Sep 17

How Broad Match Modifiers Turn You From Steve Urkel to Stefan Urquelle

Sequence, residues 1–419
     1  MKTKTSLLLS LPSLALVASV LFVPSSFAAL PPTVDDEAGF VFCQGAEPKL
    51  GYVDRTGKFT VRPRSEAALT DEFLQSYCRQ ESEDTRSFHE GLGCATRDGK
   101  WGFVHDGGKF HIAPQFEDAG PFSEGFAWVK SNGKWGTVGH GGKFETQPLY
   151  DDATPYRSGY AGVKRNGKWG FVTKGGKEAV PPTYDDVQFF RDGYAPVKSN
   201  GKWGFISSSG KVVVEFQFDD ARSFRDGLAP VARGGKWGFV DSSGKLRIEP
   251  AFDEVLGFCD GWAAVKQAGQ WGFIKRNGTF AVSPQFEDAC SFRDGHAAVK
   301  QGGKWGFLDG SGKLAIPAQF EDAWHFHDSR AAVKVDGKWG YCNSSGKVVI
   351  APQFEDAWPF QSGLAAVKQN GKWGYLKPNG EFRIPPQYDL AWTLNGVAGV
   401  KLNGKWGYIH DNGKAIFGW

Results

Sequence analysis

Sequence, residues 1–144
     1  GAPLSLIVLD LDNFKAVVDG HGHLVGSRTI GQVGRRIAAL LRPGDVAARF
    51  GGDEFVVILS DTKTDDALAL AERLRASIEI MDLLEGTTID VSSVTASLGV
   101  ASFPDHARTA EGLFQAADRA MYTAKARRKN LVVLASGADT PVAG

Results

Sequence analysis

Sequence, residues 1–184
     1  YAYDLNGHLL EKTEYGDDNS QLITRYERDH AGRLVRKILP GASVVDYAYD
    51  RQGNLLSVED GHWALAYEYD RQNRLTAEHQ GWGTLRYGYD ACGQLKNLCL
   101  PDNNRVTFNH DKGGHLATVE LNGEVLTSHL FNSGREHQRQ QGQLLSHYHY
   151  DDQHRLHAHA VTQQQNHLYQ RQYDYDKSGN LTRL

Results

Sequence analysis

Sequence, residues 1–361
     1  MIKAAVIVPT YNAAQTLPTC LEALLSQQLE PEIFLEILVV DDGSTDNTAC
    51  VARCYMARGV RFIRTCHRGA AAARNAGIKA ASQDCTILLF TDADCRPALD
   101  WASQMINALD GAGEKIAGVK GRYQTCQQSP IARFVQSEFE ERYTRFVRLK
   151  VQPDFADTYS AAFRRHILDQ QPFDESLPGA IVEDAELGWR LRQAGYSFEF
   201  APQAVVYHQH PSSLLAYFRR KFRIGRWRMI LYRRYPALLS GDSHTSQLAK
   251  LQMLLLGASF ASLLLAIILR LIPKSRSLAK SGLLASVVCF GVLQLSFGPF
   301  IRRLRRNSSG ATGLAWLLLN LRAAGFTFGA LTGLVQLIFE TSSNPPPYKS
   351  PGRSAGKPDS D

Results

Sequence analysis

We all remember Steve Urkel, the nerdy neighbor from Family Matters who was constantly causing problems for his neighbors the Winslows. However, one hop into the Transformation Chamber and he was instantly transformed into the smooth talking Stefan Urquelle. This is the perfect analogy for how broad match modifiers can help transform your AdWords campaign from a poorly performing – suspender wearing – regular campaign, to a smooth and sophisticated campaign that no customer can resist. So Adam, I am now interested, please tell me more - what's the difference between a broad match modifier and regular broad match? To understand this, lets first look at the broad match - my nemesis. Broad match allows Google to basically say that if a search term is "somewhat relevant" to your keyword then the ad may show up. In my experience Google has a very loose definition of when something is relevant to your keyword and it’s really frustrating. Broad match constantly brings down an ROI and raises up the cost of a campaign, leaving you to say … “did I do that?” However, the other options that Google offered before broad match modifier weren't fantastic either. Phrase match offers a little wiggle room. Your keyword phrase can have other words before or after it but not in between, and the phrase must stay in the same order. With phrase match you are casting a medium sized net, but I always felt Google could do better. Exact match also serves a good purpose (especially with smaller budgets) but you often have too few results. Exact is exact. You need the exact words in the exact order – it’s way too strict. This is why broad match modifier is so smooth and intriguing. Broad match modifiers allow your keyword phrase in any order and with other words around them. Here is Google's favorite example of what the differences are (Have you noticed they always seem to involve tennis shoes): The phrase is “Tennis ShoesExact Match: Results will show for "tennis shoes" and nothing else. Won’t show for "red tennis shoes" or "tennis shoes that are great". This is helpful for small budget campaigns when you are relying on that one phrase. Phrase Match: Results will show for "red tennis shoes" or "tennis shoes are great" but will not show for "shoes for tennis". It catches a lot of the searches you want, but like I have previously stated I believe that Google could do better. Broad Match (My nemesis): This shows for just too much - running shoes, tennis shoe laces. Really broad match is going to be hurting more than helping. Too much Steve, not enough Stefan. Broad Match Modifier: Results will show for any variation that is actually helpful such as "buy tennis shoes" or "best shoe for tennis". From my experience broad match modifier will raise both your impressions and overall revenue. I recommend checking this option out and would like to hear your feedback on anyone who has tried it. Adam Lundquist performs the search marketing for Digital Operative. if you have any questions about PPC or SEO, he is your guy. Additionally he has loads of early 90's references Connect with me on Google+